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Well, that's a suggestive post.

 

1. Infinity

 

2. Unknown, but something greater than zero.

+1 but...

 

For question 1 it depends on what you mean by a Dollar. For example, you might say you can't buy gold with French Francs but an old French banknote or coin still has retail value. Are those still Francs? I have a 26.73 gram coin which is 90% silver and the writing on it tells me it is a United States Dollar. I guess I'll always be able to swap it for gold, but is it a Dollar...or is it $16.04?.

 

So, "Which of these two questions is easier to answer?"

 

Err...neither

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sorry if its already been posted:

 

http://www.zerohedge.com/article/guest-pos...s-just-shrugged

 

Submitted by Adrian Douglas of GATA

 

Adtlas Just Shrugged

 

On September 15 former Federal Reserve Chairman Alan Greenspan made a speech to the Council on Foreign Relations. Some very interesting comments he made with respect to gold in response to a question were reported in an editorial in yesterday's New York Sun, "Greenspan's Warning on Gold":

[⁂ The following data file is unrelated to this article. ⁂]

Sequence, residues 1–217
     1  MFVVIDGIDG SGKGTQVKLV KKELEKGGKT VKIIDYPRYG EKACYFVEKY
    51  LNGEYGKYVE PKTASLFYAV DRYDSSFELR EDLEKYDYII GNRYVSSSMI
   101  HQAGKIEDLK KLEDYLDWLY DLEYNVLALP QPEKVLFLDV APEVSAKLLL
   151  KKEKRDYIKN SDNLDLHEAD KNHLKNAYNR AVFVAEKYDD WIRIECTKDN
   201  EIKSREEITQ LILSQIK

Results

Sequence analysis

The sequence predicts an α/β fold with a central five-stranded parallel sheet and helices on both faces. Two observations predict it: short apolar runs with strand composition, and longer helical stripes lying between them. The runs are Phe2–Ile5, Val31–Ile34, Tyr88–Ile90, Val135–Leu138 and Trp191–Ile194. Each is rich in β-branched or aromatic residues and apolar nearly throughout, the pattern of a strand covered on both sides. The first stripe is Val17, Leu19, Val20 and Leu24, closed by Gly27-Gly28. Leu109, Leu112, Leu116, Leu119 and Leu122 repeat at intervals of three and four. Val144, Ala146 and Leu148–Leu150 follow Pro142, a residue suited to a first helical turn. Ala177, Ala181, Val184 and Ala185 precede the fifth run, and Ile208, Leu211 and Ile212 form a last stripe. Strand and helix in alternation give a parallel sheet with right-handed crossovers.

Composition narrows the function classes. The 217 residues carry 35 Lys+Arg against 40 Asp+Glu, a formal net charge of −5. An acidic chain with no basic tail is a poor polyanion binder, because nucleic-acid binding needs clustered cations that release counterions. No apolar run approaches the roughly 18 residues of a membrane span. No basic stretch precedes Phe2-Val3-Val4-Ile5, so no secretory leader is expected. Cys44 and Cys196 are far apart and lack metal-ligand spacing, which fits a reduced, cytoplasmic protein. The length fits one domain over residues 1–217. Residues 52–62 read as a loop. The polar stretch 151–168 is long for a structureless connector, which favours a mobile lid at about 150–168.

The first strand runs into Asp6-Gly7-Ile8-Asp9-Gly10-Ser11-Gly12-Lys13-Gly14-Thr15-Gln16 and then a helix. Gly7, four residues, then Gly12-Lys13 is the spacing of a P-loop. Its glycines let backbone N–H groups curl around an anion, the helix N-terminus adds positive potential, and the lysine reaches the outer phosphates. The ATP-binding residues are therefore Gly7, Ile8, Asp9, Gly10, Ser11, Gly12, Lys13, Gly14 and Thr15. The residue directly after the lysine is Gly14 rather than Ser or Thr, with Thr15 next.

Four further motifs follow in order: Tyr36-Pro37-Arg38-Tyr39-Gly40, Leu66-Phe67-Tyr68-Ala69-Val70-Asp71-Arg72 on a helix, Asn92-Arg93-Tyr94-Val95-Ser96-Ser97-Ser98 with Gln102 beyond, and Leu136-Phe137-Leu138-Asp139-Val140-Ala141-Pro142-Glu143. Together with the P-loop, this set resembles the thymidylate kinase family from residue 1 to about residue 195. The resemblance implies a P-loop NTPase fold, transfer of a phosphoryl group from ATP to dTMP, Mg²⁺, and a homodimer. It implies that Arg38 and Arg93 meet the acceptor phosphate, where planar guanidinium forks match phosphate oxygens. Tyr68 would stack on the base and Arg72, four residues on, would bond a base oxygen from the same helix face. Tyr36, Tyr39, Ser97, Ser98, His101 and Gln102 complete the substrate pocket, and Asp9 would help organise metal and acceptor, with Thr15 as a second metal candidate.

http://www.nysun.com/editorials/greenspans...g-on-gold/87080

 

On this occasion Greenspan, who has been famous for gobbledygook that leaves the audience guessing what he meant, did not mince his words. He said, "Fiat money has no place to go but gold." :o:unsure:

 

 

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The Wall Street Journal

 

The 10 Biggest Myths About Gold

 

http://online.wsj.com/article/SB1000142405...0661947896.html

Gold has been the investment phenomenon of the past decade. It hit a new high of $1,278 an ounce this week. In the past 10 years, investors in gold have made nearly five times their money. Over the same time, Wall Street has gone sideways.

 

But few investments seem to attract more myths and hokum than gold and other precious metals. At the risk of inflaming those on both sides of the issue, here are 10:

 

1. "Gold is overvalued."

 

How can anyone know this? Nobody even knows what gold is worth, so it's impossible to say with any confidence that it's overvalued (or undervalued, for that matter). Some perfectly intelligent people, such as Dylan Grice, a strategist at SG Securities, argue that when compared to the ballooning money supply, gold is still low by historic standards. And even if gold is in a bubble today, it may have a long way to go. As I've pointed out earlier this year, as our accompanying chart shows, at a comparable stage Nasdaq (1998) and real estate (2003) still had a couple of years to run.

 

2. "The smart money got out of gold a long time ago."